Some of Owens’ struggles in Triple-A may represent an adjustment to the level. Some may point to fatigue as he’s now up to 164 innings between the regular season, postseason and All-Star Futures Game, a 21 percent bump from his 135-inning total of a year ago. And some of it simply may be a matter of imprecise execution.
Regardless, the fact that Owens is being challenged in Triple-A likely helps to pump the brakes on the notion of his big league timeframe. The Sox have already stated that he won’t be brought up to the big leagues this month, and the fact that Owens has had to work in Triple-A suggests that he’ll have more to prove at that level in order to position himself for the possibility of a mid-year big league summons.
— Outfielder Bryce Brentz had his second three-hit game of the series, going 3-for-5 with a double. He was 6-for-14 with a walk, two doubles and two strikeouts in the three contests, scoring a run in each game.
— For the third straight game, Travis Shaw had an extra-base hit and reached base multiple times. The 24-year-old first baseman went 2-for-4 with a double and walk, finishing the series 5-for-10 with a homer, two doubles, four walks and two strikeouts. After Shaw hit just .209/.273/.319 to close out the regular season in August, the playoff series represented a very different final note of the year for the 2011 ninth-rounder.
— Catcher Blake Swihart went 1-for-3 with an RBI infield single and a walk, and went 4-for-7 in the series.
DOUBLE-A PORTLAND SEA DOGS: 6-3 WIN VS. BINGHAMTON (METS); LEAD BEST-OF-FIVE SERIES, 2-1
— Center fielder Rusney Castillo had his most impactful game since signing with the Sox, going 2-for-3 with an opposite-field double into the right-field corner, a walk and two runs while playing seven innings. His double came on a first-pitch with a runner in scoring position, suggesting an aggressive approach when given a chance to produce runs.
— Left-hander Eduardo Rodriguez logged 6 2/3 innings in which he gave up three runs (two earned) on just three hits (all doubles) while walking two and striking out six. Opponents are now hitting .198 against the 21-year-old in his seven starts with Portland following his July 31 trade from the Orioles in exchange for Andrew Miller. The outing marked the first time with Portland that Rodriguez had given up as many as two earned runs.
Here’s a look at his somewhat electrifying stuff, a mid- to high-90s fastball with an above-average changeup. (His slider, which flashes as an above-average pitch but remains inconsistent, isn’t used in this sequence.)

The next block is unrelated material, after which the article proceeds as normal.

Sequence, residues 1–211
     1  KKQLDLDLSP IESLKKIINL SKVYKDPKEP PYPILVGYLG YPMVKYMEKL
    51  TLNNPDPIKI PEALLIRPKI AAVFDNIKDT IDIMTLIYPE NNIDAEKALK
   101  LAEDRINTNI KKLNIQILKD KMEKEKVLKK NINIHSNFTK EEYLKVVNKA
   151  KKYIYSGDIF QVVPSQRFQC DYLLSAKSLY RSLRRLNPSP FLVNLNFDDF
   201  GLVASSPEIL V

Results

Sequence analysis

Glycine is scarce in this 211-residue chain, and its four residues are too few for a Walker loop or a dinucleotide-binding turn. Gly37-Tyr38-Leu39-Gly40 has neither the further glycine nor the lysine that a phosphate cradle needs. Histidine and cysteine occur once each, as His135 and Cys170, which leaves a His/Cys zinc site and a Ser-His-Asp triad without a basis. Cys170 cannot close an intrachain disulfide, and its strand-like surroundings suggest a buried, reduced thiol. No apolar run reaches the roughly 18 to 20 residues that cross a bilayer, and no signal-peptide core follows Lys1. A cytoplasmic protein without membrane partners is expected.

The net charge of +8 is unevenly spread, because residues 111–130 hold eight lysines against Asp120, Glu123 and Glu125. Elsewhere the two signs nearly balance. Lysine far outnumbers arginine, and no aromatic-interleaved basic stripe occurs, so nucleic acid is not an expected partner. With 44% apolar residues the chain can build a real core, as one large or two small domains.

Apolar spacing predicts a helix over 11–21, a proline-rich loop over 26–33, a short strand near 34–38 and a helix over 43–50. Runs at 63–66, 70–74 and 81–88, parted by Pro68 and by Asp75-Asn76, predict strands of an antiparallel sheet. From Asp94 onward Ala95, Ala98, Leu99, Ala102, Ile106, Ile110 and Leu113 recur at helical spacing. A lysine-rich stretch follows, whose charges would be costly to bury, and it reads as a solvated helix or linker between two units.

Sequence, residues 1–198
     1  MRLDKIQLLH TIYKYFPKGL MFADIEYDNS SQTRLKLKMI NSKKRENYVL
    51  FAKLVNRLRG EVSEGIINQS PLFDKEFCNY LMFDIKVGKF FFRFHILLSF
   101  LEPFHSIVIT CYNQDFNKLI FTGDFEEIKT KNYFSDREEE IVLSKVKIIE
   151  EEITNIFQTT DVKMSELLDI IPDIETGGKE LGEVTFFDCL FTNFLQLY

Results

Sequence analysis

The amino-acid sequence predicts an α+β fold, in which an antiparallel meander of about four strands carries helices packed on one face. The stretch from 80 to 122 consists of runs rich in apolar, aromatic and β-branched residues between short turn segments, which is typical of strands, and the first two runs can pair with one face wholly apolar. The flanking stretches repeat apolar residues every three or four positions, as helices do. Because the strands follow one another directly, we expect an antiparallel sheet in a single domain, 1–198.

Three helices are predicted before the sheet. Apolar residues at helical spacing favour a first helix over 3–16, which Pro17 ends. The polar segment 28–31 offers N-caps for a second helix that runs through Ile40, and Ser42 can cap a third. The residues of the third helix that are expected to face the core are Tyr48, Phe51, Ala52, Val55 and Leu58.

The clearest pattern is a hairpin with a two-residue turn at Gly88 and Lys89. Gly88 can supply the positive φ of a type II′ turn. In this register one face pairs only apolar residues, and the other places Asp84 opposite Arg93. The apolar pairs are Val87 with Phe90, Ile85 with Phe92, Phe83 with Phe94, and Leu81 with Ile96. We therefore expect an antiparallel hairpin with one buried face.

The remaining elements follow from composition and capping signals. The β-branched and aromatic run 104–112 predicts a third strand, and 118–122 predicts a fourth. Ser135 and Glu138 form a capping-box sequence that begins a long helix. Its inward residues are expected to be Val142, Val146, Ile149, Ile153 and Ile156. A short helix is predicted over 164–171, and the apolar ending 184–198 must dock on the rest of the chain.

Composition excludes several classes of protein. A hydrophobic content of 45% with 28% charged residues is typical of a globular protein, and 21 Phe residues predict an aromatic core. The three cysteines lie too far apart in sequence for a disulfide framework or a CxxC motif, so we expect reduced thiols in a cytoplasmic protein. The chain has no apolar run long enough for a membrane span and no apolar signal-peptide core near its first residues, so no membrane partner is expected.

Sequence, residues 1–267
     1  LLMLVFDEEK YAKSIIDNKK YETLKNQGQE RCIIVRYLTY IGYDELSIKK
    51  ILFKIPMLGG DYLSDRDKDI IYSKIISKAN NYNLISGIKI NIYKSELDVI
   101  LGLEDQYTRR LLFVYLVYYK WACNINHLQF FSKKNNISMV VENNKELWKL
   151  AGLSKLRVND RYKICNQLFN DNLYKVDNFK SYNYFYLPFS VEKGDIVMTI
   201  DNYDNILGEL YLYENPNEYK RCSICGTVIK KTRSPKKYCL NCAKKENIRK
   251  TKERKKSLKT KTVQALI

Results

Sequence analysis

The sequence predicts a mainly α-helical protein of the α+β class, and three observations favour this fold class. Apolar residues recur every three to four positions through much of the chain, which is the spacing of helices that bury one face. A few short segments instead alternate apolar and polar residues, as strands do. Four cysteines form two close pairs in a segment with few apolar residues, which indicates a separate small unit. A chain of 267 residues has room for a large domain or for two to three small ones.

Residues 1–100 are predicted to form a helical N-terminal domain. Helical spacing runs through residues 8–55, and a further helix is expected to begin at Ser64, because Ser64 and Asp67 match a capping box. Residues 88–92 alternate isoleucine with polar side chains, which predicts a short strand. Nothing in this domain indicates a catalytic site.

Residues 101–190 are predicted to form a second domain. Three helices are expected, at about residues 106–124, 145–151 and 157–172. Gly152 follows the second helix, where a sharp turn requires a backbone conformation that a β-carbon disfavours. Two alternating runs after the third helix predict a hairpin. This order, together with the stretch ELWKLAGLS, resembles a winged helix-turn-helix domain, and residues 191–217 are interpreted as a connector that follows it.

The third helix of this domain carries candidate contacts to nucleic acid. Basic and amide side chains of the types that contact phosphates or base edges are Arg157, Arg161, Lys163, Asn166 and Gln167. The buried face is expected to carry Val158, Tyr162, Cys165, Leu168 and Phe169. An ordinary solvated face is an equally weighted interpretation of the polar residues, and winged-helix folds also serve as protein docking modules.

— Eight of the nine members of the Sea Dogs lineup had at least one hit.
HIGH-A SALEM RED SOX: 5-0 LOSS AT MYRTLE BEACH (RANGERS); LOSE BEST-OF-THREE SERIES, 2-1
— Left-hander Cody Kukuk‘s start lasted just two-plus innings, as the 21-year-old allowed four hits and two walks en route to a three-run yield. He closed out the year with six straight outings of at least four walks. In 21 Carolina League starts, the wildly talented (emphasis on wild) 2011 seventh-rounder issued 75 walks in 80 2/3 innings. He had a 5.47 ERA in Salem. But while that mark makes clear that a big league future is anything but a certainty for Kukuk, from a scouting perspective, his tremendous three-pitch arsenal (mid- to high-90s fastball, wipeout slider, swing-and-miss change … when thrown for strikes) suggests a potential impact arm if he can use his athleticism to lock in his mechanics and throw strikes with any kind of consistency.
|Ben Cherington: Concerns about Jackie Bradley Jr.’s coachability ‘absolutely not’ part of sending him down||09.03.14 at 6:20 pm ET|
NEW YORK — It has been a difficult time for Jackie Bradley Jr. The 24-year-old hit .212/.288/.290 in the big leagues, a performance that resulted in his being optioned to Triple-A Pawtucket in mid-August. His results have been little better there, as he’s hit .212/.246/.273 in Triple-A.
As reported at the time of his assignment to Pawtucket, there have been questions inside the Red Sox organization about whether Bradley was receptive to some of the messages that he was receiving from team officials and coaches — a concern that is distinct from his willingness to work or his desire to improve. While those questions were real, however, GM Ben Cherington suggested that such concerns had nothing to do with the move to demote Bradley and call up Mookie Betts to be the everyday center fielder in mid-August.
“First of all, as far as the question about whether that was part of the decision to send him down, I can say absolutely not. The decision to send him down was based on our feeling at the time that the offensive part of the game — that he needed to develop a routine that worked for him and it was going to be easier for him to do that for some period of time in Pawtucket,” Cherington said in Yankee Stadium. I’m not a coach. I know that every player is different, is going to respond differently to guidance. We know that Jackie has had a ton of success in his life as a baseball player, at the major league level, at the minor league level. It hasn’t come as quickly for him, at least on the offensive side at the major league level, and that’s not easy for a guy to deal with. There’s never been an issue from the Red Sox’s perspective of whether he’s willing to work or whether he cares, anything like that. We’re trying to find the right way to reach every player, including Jackie, and then the player has to have a responsibility then too. That’s a relationship that we strive to reach. We want to build a good, functional relationship with any player. And if one is struggling it means we still have to work on that, but it had nothing to do with sending him down to Pawtucket.” Read the rest of this entry »